A Journal of Musical Things"Louie Louie" Singer Nominated for the Nobel Peace Prize? WTF? » A Journal of Musical Things
Uncategorized no image

Published on March 31st, 2013 | by Alan Cross

0

“Louie Louie” Singer Nominated for the Nobel Peace Prize? WTF?

Back in 1963, many parents (along with a suprising number of judicial and government officials) believed that the dirtiest song in the world was “Louie Louie” by The Kingsmen.  Although no one could make out the lyrics, they just had to be dirty.  At least that was the rumour.  It was a national scandal that went all the way up to the FBI.

Five years after “Louie Louie” hit Yank Berry–a Canadian from Montreal–joined the band and stayed with them for two years.  That was followed by a long and prolific career as a songwriter and producer for people such as, er, Englebert Humperdick, Tom Jones and Julio Iglesias.  

To be fair, he also worked for Alice Cooper, Jimi Hendrix and Steve Van Zandt.  And that was after he helped pioneer the quadraphonic record in the early 1970s.

Yank is also responsible for several other pieces of music that you must have heard.  As a jingle writer, he came up with “We build excitement, Pontiac!” and Red Lobster’s “For the seafood lover in you.” Yank also wrote jingles for Kodak, Dr. Pepper and Kellogg’s Raisin Bran.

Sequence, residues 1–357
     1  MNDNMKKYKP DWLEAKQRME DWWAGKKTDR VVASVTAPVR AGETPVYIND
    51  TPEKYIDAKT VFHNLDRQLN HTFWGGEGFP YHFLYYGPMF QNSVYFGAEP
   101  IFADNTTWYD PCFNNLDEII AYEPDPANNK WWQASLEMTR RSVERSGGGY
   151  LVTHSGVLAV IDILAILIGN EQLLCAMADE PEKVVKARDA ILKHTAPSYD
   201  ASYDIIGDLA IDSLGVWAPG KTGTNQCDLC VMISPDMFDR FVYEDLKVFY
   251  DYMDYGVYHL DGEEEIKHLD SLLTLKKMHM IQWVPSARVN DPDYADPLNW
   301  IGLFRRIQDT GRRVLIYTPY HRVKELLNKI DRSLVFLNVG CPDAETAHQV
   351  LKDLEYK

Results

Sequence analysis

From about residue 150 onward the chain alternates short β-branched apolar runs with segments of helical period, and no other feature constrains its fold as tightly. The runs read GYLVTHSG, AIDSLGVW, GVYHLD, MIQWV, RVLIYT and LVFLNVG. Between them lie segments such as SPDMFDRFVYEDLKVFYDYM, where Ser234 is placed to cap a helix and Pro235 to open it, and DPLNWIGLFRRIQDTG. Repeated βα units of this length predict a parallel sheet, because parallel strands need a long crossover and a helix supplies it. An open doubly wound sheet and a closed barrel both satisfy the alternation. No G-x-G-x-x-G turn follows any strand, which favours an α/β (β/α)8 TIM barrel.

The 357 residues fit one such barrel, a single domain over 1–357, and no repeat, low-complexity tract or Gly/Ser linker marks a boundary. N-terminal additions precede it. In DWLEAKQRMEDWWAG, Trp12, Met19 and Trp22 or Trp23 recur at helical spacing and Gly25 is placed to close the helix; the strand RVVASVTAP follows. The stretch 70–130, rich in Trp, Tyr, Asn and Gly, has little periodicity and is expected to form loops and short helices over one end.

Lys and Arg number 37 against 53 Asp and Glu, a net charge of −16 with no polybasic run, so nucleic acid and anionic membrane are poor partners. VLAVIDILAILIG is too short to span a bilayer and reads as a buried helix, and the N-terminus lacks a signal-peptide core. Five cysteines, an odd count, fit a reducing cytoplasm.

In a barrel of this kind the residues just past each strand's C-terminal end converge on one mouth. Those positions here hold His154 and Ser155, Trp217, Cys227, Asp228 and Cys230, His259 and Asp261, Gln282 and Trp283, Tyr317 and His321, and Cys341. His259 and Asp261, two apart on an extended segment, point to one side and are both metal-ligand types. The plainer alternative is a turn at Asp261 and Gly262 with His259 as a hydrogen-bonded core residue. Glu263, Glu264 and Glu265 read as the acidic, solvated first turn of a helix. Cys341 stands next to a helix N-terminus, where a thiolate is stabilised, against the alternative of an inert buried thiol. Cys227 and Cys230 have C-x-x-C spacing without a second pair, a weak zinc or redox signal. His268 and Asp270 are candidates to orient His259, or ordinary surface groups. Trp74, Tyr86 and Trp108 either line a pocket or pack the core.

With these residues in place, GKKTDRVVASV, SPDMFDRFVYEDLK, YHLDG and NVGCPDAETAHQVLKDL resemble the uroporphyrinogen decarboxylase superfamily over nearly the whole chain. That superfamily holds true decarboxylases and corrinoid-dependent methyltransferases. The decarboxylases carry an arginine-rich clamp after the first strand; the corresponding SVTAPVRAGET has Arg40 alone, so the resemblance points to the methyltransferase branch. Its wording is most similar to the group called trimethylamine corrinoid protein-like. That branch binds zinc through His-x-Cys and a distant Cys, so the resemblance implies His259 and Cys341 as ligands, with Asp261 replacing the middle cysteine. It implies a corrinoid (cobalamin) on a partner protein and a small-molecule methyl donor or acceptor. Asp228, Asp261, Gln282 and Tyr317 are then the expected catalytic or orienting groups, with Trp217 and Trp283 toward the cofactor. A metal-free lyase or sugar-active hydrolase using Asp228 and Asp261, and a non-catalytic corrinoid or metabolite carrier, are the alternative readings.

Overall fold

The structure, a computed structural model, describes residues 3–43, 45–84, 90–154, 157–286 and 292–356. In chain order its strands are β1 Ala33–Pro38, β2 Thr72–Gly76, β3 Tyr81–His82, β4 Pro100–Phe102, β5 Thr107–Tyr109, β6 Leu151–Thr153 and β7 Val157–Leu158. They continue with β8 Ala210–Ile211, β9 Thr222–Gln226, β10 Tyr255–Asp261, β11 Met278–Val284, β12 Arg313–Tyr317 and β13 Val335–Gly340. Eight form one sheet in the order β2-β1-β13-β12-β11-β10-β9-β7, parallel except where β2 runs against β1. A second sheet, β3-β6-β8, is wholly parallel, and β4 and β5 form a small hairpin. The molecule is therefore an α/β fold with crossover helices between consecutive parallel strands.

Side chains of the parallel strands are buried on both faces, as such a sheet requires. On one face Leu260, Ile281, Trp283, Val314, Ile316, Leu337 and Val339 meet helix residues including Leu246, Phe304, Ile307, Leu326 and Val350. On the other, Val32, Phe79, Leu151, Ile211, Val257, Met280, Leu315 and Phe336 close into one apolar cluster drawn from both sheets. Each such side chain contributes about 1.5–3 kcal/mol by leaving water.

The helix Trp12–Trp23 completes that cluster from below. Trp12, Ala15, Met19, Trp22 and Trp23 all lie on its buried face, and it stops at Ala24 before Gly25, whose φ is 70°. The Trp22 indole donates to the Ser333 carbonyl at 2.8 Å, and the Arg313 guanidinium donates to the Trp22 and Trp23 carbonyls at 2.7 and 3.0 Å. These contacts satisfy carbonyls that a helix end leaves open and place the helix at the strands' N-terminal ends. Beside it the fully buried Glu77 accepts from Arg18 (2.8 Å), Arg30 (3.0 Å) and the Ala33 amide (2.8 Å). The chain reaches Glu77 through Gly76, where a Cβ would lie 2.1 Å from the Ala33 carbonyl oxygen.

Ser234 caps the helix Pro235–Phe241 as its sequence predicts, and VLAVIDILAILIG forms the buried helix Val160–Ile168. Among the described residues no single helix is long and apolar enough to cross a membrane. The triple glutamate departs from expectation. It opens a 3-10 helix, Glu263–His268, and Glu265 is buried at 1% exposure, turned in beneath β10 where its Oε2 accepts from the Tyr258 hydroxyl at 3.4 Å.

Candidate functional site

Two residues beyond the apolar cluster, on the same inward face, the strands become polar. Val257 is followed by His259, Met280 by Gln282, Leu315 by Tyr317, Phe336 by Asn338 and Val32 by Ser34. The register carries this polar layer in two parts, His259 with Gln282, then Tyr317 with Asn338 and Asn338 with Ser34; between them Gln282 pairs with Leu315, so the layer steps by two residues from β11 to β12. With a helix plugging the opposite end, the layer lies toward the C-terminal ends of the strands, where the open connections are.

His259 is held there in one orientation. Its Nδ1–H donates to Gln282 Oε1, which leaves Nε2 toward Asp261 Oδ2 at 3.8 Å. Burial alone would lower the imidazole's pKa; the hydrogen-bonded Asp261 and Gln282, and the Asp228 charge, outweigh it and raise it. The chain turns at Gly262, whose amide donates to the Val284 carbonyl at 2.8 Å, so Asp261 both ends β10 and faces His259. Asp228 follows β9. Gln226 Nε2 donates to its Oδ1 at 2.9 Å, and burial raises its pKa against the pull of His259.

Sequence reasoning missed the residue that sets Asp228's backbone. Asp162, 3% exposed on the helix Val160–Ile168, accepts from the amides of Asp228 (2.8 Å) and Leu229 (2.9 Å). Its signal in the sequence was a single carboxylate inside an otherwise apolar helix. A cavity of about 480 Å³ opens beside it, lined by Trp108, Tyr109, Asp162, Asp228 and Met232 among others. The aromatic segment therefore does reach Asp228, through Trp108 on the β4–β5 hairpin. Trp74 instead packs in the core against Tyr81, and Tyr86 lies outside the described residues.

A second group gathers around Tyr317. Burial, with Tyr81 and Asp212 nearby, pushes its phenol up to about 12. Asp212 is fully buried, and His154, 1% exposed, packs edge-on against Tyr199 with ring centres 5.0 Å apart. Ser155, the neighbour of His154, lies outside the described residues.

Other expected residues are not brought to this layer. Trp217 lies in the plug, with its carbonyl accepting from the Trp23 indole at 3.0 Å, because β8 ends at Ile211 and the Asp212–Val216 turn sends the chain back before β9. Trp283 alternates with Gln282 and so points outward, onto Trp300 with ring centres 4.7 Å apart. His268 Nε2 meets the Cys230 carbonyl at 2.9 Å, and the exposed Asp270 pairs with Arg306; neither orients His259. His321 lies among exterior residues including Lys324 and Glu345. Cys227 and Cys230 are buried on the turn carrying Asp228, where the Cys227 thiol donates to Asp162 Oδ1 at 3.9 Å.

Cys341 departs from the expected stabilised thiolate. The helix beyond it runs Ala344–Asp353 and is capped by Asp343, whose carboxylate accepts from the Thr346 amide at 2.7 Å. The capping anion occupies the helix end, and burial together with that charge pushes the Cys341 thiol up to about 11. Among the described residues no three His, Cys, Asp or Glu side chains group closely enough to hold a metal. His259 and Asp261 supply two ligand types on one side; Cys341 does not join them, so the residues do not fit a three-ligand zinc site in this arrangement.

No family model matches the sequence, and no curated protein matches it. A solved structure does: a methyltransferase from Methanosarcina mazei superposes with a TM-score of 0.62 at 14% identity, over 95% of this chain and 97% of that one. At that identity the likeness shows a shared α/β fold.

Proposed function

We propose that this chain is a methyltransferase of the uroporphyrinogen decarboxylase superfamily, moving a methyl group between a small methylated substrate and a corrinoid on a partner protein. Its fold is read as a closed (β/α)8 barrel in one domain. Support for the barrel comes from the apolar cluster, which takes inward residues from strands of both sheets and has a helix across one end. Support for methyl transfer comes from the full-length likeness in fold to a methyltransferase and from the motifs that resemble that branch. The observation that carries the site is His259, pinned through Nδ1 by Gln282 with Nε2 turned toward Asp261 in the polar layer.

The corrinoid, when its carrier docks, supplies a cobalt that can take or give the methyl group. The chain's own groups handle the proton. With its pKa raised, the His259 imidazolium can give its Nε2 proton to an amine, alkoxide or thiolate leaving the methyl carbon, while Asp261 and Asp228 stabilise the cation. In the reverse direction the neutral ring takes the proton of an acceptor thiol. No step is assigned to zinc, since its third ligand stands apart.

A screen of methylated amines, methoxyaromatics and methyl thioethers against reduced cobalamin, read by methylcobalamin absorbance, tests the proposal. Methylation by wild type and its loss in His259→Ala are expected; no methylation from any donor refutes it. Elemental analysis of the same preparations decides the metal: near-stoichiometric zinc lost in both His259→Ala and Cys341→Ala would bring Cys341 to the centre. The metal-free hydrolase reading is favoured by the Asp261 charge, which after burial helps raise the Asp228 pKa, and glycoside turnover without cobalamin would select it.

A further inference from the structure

None of the above has anything to do with being nominated for the Nobel Peace Prize.  Yet he’s been up for the same honour given Mother Teresa and the Dalai Lama. Three times.  How?

By partnering with Muhammed Ali to feed needy people all over the world. His philatropy has resulted in 910,000,000 meals being distributed through his and Ali’s group, the Global Village Champions Foundation. Read all about it here.


About the Author

is an internationally known broadcaster, interviewer, writer, consultant, blogger and speaker. In his 30+ years in the music business, Alan has interviewed the biggest names in rock, from David Bowie and U2 to Pearl Jam and the Foo Fighters. He’s also known as a musicologist and documentarian through programs like The Ongoing History of New Music.



Leave a Reply

Back to Top ↑